To calculate the overall star rating and percentage breakdown by star, we don’t use a simple average. Instead, our system considers things like how recent a review is and if the reviewer bought the item on Amazon. It also analyses reviews to verify trustworthiness.
This was a hard book to read because I felt like God was on trial and there was no opportunity for his defence. It kept me awake at night with 'yes, but...' questions for the author. She's very honest and a great writer but she's obviously been wounded by the extremism of fundamentalism in America. I grew up in a similar yet more moderate mindset in Australia. My journey is similar and yet my outcome was very different. Rachel Evans has swung on the pendulum of belief to a place that might be named Liberal. I just hope that life and God's kindness will restore her trust in His character. For anyone struggling with the false fundamentals that have caused guilt or depression in their lives, I'd like to recommend Neil Anderson's book called 'Freedom From Legalism'. My own mother's story is included in its pages and it has helped me to weed out the false fundamentals while still saving THE fundamentals.
A nice little story about how a warm-hearted and intellectually honest young woman came to dump false and morally bankrupt Christian, fundamentalist ideas. Her book is not a really spirited refutation of the brazen hatred spewed by these self-proclaimed Christians. Rather, she includes just enough observations to illustrate her growing realization that something is terribly amiss with these people, whose religion probably doesn't even deserve to be called Christianity in the first place.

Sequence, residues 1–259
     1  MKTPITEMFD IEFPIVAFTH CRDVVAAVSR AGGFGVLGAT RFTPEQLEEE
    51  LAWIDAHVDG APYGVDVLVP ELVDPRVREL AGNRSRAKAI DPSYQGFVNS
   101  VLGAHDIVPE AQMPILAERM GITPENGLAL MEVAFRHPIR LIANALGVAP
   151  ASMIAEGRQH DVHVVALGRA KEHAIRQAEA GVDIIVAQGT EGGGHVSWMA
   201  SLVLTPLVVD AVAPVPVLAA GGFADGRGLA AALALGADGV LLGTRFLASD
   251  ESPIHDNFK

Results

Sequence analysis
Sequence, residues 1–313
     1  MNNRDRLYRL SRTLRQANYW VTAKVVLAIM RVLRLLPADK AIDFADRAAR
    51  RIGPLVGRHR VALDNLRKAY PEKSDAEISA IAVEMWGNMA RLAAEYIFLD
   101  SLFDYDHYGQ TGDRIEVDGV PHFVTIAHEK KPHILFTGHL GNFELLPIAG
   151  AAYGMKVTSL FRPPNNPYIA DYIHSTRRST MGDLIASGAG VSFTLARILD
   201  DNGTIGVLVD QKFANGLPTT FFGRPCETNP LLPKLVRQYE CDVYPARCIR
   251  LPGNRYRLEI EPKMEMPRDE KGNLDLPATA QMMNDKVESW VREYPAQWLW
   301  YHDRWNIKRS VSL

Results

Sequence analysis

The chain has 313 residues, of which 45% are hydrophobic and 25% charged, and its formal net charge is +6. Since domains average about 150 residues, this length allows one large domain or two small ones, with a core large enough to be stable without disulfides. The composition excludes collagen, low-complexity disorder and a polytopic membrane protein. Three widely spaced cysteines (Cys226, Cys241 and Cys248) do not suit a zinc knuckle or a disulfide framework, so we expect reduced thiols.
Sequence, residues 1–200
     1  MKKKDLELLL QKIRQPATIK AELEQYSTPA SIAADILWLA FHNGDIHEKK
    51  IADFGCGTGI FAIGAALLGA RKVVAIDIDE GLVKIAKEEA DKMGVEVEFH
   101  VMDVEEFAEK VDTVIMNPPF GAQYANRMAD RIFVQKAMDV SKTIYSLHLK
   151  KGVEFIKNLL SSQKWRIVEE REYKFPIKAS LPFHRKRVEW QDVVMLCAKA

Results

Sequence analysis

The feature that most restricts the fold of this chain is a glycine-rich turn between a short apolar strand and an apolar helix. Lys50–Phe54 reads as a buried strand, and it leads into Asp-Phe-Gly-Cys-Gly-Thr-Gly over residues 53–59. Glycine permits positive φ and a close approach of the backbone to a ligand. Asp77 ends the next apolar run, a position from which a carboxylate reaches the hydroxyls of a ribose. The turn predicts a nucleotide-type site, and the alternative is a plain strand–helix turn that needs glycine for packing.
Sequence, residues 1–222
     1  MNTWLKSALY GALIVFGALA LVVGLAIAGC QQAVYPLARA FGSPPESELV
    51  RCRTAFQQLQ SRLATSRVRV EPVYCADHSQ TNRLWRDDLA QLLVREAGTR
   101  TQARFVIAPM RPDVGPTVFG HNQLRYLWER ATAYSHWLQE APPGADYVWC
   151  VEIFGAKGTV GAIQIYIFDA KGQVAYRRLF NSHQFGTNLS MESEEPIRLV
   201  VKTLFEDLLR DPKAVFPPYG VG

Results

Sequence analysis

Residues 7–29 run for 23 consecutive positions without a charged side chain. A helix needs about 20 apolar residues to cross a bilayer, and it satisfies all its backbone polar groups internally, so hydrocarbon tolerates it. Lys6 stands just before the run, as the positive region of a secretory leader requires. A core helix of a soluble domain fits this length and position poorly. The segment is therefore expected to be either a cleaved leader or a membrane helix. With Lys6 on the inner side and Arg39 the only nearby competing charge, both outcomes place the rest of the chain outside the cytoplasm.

Like the author, I was raised in a conservative Christian family, attended only Christian functions, listened to only Christian music and attended a Christian college. I had this Christian thing down, almost mathematical in my decision tree of answers. After a few profound experiences in my life, I found myself in the same questioning boat in a hostile sea of my-way-or-the-highway conservative Christians. Reading this book was like finding an oasis in the desert of confusion--discovering that asking the questions and feeling the betrayal of my ironclad upbringing weren't necessarily hopeless places to be. That my doubts and questions don't mean that I can't still have God. Personally, I would have appreciated some "closed loops" in this book, how the author arrived at her current set of values while still supporting those values biblically. But that is the only small criticism I have. This book brought me the hope to keep searching, to keep seeking God in the jungle of my doubts. And that is what my soul needed to hear.
More like 4+ stars. This writer tells about her spiritual evolution in an extremely readable way, highlighting the importance of curiosity and questions as to organized religion, and how our personal history and how we scored in the "cosmic lottery" impact our religious viewpoint. I suspect that this might not be the book for anyone who has very firm and unyielding religious beliefs ; for people with room for alternatives (agnostics, those with strict religious upbringing that have loosened, etc.) this may be very well-received.
This is a good book, if you enjoy peering into the minds of people different from you. I do, and I enjoyed and learned from this book. But I am well aware that the author has a long road of spiritual growth ahead of her. This is Chapter One; what comes next is anybody’s guess. I plan to stick around to find out.